Unformatted text preview: TO: Management and Board of Pioneer Petroleum (PP) FROM: Corporate Finance Consultants – Gal Gabriel, Lina Fedirko, Tara Patel DATE: March 20, 2012 RE: Cost of Capital: Methods and Approach to Divisional Discount Rates MEMORANDUM Recommendation: Pioneer Petroleum (PP) should use multiple divisional hurdle rates in evaluating projects, because the operations of each division vary in risk and thus should be discounted at appropriate rates reflecting the industry. Further, when computing a firm‐wide Weighted Average Cost of Capital, Pioneer should: (1) use dividend growth rate when using dividend growth model approach for cost of equity, (2) the firm should also compute cost of equity using Capital Asset Pricing Model to account for market risk, (3) final cost of equity should reflect an average rate from both approaches. Pioneer Petroleum Weighted Average Cost of Capital In terms of calculating cost of debt, we found your approach to be reasonable, assuming three things will stay constant: (1) tax rate, (2) debt to equity ratio, and (3) debt rating. Given those three assumptions, cost of debt equates to 7.9%, using standard cost of debt computing technique1. In order to arrive at the cost of equity, PP employed the dividend growth model. Using this technique, the company has to look at its dividend per share, and in this case PP used earnings per share. In addition, the cost of equity calculation should employ projected dividends for 1991, the year when new investments are discussed. If we apply the 10% dividend growth (g) assumption, a stock price of $63 and project a $2.70 dividend per share for 1991, the cost of equity is as follows: R(e) = Div. projected/Price of stock + g = $2.70/ $63 + 10% = 14.28%. Therefore, using the dividend growth model approach, the average weighted cost of capital is 11.1%. (Table 1) Table 1 1991 Weighted Average Cost of Capital Dividend Growth Model Approach with a 10% growth Source Estimated Proportions of Future Funds Sources Estimated Future After‐
Tax Cost Weighted Cost Debt Equity WACC 0.50 0.50 7.92% 14.28% 3.96% 7.14% 11.10% Also, we’d like to point out that It is worth taking another look at the 10% measure for the dividend’s growth. The firm uses this percentage based on its commitment to its shareholders and actual dividends increase in 1990 and 1991. However, looking back at data given for previous years, PP’s dividend growth may not always stay at this rate. For example, between 1986 and 1989 there was no growth. The large 1 Cost of debt = interest rate to finance new debt x (1 – tax rate) 66.66% of dividend per share growth in 1986 must have happened due to the company restructure, so we can ignore it. We know from past data that average dividend growth can be low as 5.34%. (See Appendix 1) With an assumption of a lower dividend growth rate, the cost of equity decreases to 9.85%. The resulted WACC is 8.88%. (Table 2) (R(e) = Div. projected/Price of stock + g = $2.84/ $63 + 5.34% = 9.85%) Table 2 1992 Weighted Average Cost of Capital Calculation Dividend Growth Model for average dividend growth Source Debt Equity WACC Estimated Proportions of Future Funds Sources 0.50 0.50 Estimated Future After‐
Tax Cost 7.92% 9.85% Weighted Cost 3.96% 4.92% 8.88% Moving to the second method for the cost of equity calculation, the Capital Asset Pricing Model (CAPM) based on Security Market Line (SML), Pioneer could use an available Beta value of 0.82, a risk free rate of 7.8%3 and 6.84% as the average market risk premium for the last 10 years (calculation shown in appendix 2) 4. In this case, the cost of equity could be as follows: R(e) = 7.8% + 0.8 x 6.84% = 13.27%. Based on this approach, Pioneer Petroleum’s average cost for capital will be 10.66%. Table 3 1990 Weighted Average Cost of Capital Calculation CAPM SML Source Estimated Proportions of Future Funds Sources Debt 0.50 Equity 0.50 WACC Estimated Future After‐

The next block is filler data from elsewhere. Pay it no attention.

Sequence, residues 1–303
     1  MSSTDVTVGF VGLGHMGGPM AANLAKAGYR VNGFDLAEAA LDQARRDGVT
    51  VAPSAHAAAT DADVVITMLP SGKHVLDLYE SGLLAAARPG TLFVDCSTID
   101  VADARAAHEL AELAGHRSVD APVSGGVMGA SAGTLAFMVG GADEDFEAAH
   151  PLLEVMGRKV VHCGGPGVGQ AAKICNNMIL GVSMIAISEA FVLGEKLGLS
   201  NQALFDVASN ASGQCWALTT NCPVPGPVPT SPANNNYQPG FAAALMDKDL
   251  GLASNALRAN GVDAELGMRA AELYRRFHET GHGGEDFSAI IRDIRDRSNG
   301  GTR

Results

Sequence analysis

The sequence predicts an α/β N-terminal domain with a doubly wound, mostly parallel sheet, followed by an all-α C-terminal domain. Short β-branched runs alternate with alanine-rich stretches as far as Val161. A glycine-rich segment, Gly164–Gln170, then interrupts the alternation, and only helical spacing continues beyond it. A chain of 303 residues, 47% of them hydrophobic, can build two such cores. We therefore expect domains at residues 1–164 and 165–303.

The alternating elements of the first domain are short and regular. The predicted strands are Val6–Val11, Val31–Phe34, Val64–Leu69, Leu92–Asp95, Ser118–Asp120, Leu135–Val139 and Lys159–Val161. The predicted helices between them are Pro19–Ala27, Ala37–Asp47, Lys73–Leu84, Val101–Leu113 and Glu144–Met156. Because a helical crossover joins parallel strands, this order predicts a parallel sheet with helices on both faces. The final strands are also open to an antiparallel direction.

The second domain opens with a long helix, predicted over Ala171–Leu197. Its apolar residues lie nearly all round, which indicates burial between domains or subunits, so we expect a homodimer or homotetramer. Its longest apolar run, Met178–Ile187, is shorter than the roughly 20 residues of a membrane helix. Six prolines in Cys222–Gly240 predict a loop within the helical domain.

Tax Cost 7.92% 13.27% Weighted Cost 3.96% 6.70% 10.60% If PP was to adopt the single corporate WACC method, it should compute an average of the above mentioned two methods, which is: 10.66% + 8.88% = 9.77%. This average will account to the overall market risks. Case for multiple hurdle rates Pioneer should use multiple divisional hurdle rates to evaluate projects and allocate investment funds among divisions. The company has multiple lines of business: it was involved in the exploration and production of crude oil and marketing refined petroleum products, as well as plastics, agricultural 2 Exhibit 1 Exhibit 2, yield on T‐bills 4 This rate is essentially the same as the 7% estimate for a market risk premium, which is based on large common stocks and given as a general assumption in Fundamentals of Corporate Finance (FCF), page 442 (Ross, Westerfield, Jordan 2010) 3 chemicals and real estate development; the company was later restructured and now concentrates on oil, gas, coal and petrochemicals. Companies that are involved in multiple business lines should utilize divisional costs of capital to ensure that investments are measured separately and accurately. Using multiple divisional rates provides a more accurate rate of investment assessment, because a single weighted average cost of capital is not an adequate tool for evaluation as it is a standardized rate. This can skew the measure of profitability or riskiness of an investment as projects can be rejected or accepted in comparison to WACC. If the hurdle rate is set too low, less high risk investments could be accepted. On the other hand, the WACC could also result in too few low risk investments made. Thus, WACC is not the best evaluation method for Pioneer because it can both accept unprofitable or too risky investments5. In order to avoid potentially bad investments evaluated by WACC and to capitalize on profits, Pioneer should use divisional rates to select successful investments. To do this, the cost of capital needs to be determined for each division using CAPM, which allows for a stronger measure of risk and expected return, and a diversified portfolio to increase profits. Calculating divisional discount rates As mentioned before, the required return on investment should be based on cost of capital derived from how the investment is financed. Assuming that Pioneer aims to retain its debt to equity ratio, each new investment will be funded based on that ratio (50% from equity and 50% from debt). Each subsidiary would need to establish an individual required return on investment, by computing individual WACC using CAPM. The variance in cost of equity will result in the variance of beta. The subsidiaries will need to establish individual beta rates based on beta rates used in similar or highly comparable industries (industries that fall within same ‘risk class’). So essentially, Pioneer will use the ‘pure play’ approach, to determine the beta for subsidiaries that have a counterpart in the industry. In terms of cost of debt, all subsidiaries can use the firm’s established cost of debt, assuming that firm ability to issue debt at a certain rate remains fairly constant. If, however, Pioneer’s debt rating increases, the cost of debt should be recalculated, as the financing interest rate is likely to decrease. Once each subsidiary establishes its own WACC, this rate will serve as the minimum required return on investment. This means that an estimated IRR for an investment should always exceed the WACC in order for the project to be accepted. Typically, if a project is considered less risky, the beta will be higher than firm’s beta, and if less risky beta will be lower. Utilizing different betas for each subsidiary will illustrate their level of sensitivity to market fluctuations. Incorporating it into cost of equity calculation, Pioneer will capture the level of risk involved in investing into various subsidiaries. Further, this will assure that Pioneer is not lagging behind its competitors in different market segments, and is retains its competitive edge. Environmental Projects 5 As stated in the class text Lastly, we’ve determined that Pioneer should use separate required rate of return on environmental projects that are more aligned with divisional rates, given a few following factors. First, environmental projects vary in value and risk across divisions (e.g environmental project in sustainable resource extraction might have a higher risk than an environmental project in sustainable transportation of the products.) Second, Pioneer is a front runner in producing cleaner energy than competitors, assuming that the firm wants to retain its competitive edge, it needs to review environmental project within each division with a primary aim of following new regulations while making profit6. And lastly, due unique goals of environmental projects (not just profit‐motive), those projects need to be given a discount rate that reflects not just quantitative assessment of future gains, but a qualitative analysis of future value that will be created (given resource depletion, growing regulation constraints, and growing market for sustainable products). 6 New regulations continue to be passes calling for higher investment into environmental projects but also allowing for new market profit. Appendix 1: Percentage change in the dividend ‐ recent years average calculation 1 2 3 4 5 Year 1986 1987 1988 1989 1990 Current Assumption 1991 Proposed 1992 *1986‐1991 average dividend growth Dividend per Share $2.00 $2.00 $2.00 $2.20 $2.45 $2.70 $2.84 Percent Change ‐ 0% 0% 10.00% 11.36% PP's projection based on 10% increase *Based on dividend‐increase average since 1986 5.34% Dividends per share ($) 3.00 2.50 2.00 1.50 Dividends per share ($) 1.00 0.50 0.00 1983 1984 1985 1986 1987 1988 1989 1990 1991 Appendix 2: Market Returns – 10 years average calculation 1 2 3 4 5 6 7 8 9 10 Year 1981 1982 1983 1984 1985 1986 1987 1988 1989 1990 Average for 10 years: 500 index (%) of common stocks ‐4.9 21.4 22.5 6.3 32.2 18.5 5.3 16.8 31.5 ‐3.2 14.64% R premium = R market – R free risk = 14.64% ‐ 7.8% = 6.84% ...